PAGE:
One year ago today, Ahmad left home for work as he always did. As he made his way through Kabul, Afghanistan, he didn’t notice anything strange.
At 9:30 a.m., he and his colleagues held a meeting to discuss the worrying cascade of provinces that had fallen to the Taliban in recent days. “Our American manager assured us that nothing will happen at least in the next three months,” he says. The meeting concluded at 10:15. By 11, the American manager knocked on his door and told Ahmad to leave the office as soon as possible.
“When I left the campus, I noticed that many armored cars are heading to the airport,” he recounts. The Taliban takeover of Kabul was underway, marking the bitter end of America’s two-decade war and nation-building effort in Afghanistan. For Ahmad—who asked that his real name not be used, fearing retaliation—it was the beginning of a mad dash for survival under a new regime.
In the year since the Taliban takeover, Ahmad has fled Afghanistan, certain that elements of the new regime would have him killed for his service to the United States. Other helpers have chosen to stay in Afghanistan. All contributed years of their lives to the U.S. military, but they were unable to access the visas Washington promised them—and the escape route that American politicians laid out in Afghanistan’s twilight last summer.
“Our message to those women and men is clear,” said President Joe Biden in remarks last July. “There is a home for you in the United States if you so choose, and we will stand with you just as you stood with us.”
That announcement foreshadowed a six-week evacuation of Afghan helpers and civilians that would eventually see over 76,000 evacuees brought to the United States. But the U.S. left behind approximately 78,000 Afghans who assisted American forces and became eligible for American visas through their service. Though many lawmakers have continued to battle bureaucratic barriers to improve helpers’ immigration chances, advocates say it’s too little, too late.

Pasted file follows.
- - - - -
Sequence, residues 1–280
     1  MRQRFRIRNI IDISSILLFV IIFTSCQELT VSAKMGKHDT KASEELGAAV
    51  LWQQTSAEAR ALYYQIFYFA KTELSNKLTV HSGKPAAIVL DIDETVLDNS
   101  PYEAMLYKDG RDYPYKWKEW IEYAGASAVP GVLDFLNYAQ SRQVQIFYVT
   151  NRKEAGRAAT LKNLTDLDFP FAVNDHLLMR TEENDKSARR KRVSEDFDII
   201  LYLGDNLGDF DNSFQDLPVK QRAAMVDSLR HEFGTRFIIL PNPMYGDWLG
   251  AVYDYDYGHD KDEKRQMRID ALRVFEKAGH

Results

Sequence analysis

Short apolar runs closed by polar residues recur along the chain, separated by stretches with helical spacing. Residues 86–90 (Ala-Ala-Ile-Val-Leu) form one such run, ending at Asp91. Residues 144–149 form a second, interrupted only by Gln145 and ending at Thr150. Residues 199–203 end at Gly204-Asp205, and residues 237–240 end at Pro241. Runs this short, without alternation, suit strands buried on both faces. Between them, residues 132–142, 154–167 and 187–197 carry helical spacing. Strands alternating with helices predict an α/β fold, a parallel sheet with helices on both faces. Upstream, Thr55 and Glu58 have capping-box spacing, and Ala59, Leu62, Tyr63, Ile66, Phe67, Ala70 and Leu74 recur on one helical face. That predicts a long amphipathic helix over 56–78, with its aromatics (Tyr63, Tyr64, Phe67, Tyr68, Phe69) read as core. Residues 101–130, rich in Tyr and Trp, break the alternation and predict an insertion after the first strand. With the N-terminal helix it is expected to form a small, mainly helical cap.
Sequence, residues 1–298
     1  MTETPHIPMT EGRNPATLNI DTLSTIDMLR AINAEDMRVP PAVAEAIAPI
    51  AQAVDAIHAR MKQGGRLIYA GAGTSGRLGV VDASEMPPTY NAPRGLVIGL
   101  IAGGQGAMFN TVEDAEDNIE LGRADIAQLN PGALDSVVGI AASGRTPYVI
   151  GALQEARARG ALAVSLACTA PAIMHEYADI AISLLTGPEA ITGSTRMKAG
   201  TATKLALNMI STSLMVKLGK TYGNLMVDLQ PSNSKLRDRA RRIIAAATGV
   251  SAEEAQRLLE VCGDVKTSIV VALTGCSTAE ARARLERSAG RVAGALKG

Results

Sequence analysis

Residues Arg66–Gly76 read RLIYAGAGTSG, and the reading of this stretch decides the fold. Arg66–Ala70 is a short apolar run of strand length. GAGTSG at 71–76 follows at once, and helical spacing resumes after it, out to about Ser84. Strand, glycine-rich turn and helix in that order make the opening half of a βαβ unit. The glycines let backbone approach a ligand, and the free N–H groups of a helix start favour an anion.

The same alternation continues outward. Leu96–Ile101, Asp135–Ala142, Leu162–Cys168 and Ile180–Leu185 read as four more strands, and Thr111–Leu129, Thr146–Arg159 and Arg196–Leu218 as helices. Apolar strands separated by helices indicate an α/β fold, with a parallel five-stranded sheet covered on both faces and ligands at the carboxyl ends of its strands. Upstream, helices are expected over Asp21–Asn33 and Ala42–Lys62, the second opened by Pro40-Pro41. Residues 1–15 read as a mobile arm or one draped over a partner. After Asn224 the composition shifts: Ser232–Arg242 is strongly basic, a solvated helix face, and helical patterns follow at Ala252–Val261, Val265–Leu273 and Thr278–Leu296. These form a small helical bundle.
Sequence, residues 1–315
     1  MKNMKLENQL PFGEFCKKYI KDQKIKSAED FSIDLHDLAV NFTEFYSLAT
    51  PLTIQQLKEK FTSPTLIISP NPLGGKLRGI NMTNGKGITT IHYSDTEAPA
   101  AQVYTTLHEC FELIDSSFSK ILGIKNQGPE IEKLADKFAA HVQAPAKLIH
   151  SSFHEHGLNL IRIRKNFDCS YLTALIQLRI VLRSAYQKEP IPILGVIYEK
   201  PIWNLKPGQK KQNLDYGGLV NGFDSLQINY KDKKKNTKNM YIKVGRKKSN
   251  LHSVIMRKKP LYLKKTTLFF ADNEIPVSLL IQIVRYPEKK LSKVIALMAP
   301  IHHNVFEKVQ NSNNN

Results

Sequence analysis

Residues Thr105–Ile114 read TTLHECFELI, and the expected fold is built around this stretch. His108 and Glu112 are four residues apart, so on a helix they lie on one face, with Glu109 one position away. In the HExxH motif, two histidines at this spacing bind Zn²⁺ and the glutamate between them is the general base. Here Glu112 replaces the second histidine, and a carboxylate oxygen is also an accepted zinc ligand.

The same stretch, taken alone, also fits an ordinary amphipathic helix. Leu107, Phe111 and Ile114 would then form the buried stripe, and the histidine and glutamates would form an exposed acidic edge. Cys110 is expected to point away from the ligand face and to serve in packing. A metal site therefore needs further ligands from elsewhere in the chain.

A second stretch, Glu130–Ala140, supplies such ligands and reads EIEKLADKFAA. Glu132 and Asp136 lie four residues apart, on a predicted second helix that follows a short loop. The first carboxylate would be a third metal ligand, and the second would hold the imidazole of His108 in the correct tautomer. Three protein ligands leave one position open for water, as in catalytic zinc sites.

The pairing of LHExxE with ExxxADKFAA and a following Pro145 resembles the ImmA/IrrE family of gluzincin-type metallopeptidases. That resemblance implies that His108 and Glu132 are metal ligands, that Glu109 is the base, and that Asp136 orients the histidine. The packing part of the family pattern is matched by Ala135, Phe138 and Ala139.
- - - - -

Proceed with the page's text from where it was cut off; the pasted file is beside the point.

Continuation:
America’s 20-year war in Afghanistan left trillions in wasted money and tens of thousands of civilian and servicemember deaths in its wake. The destruction continues to this day in the form of the men and women whose service to the American cause has put them in the crosshairs of the Taliban, with no relief in sight.
The war came to an end last year, with Biden making good on his promise to withdraw all U.S. troops by August 31. Tens of thousands of Afghans served alongside those troops, assisting American forces during the conflict as interpreters, engineers, and drivers.
In 2009, the U.S. government established an immigration pathway for them called the Special Immigrant Visa (SIV), partially as a reward for their valuable service and partially in recognition of the grave danger they often faced after helping to fight the Taliban. Though the U.S. government does not record deaths among Afghan helpers, it’s estimated that more than 300 interpreters and family members died between 2014 and 2020. The number has almost certainly risen, given recent reports of Taliban retaliation.
The SIV program has long been flawed, and it was ill-prepared to offer widespread relief before the troop withdrawal. The complex 14-step application process, worsened by a lack of trained personnel at the Department of State and by long delays for security checks, led to an average processing time last May of nearly three years. In August 2021, there were around 20,000 Afghans stranded in the SIV backlog, with another 70,000 eligible to apply.
Ahmad says working with Americans was one of the best parts of his professional life. For nearly two years, he helped teach Afghan pilots English. “I learned many great things” from the Americans, he says, “such as honesty, punctuality, flexibility, and freedom of ideas and beliefs.” His work was a childhood dream—international troops had patrolled his village in 2005 and later came to share watermelon in his home. His father asked his children to one day “stand with international troops and fight against [the] Taliban and other extremist groups in Afghanistan.”
“I felt honored and proud that we all fought for something valuable,” Ahmad explains. In addition to his service to the U.S., he founded an organization that oversaw projects on human rights and climate change across Afghanistan.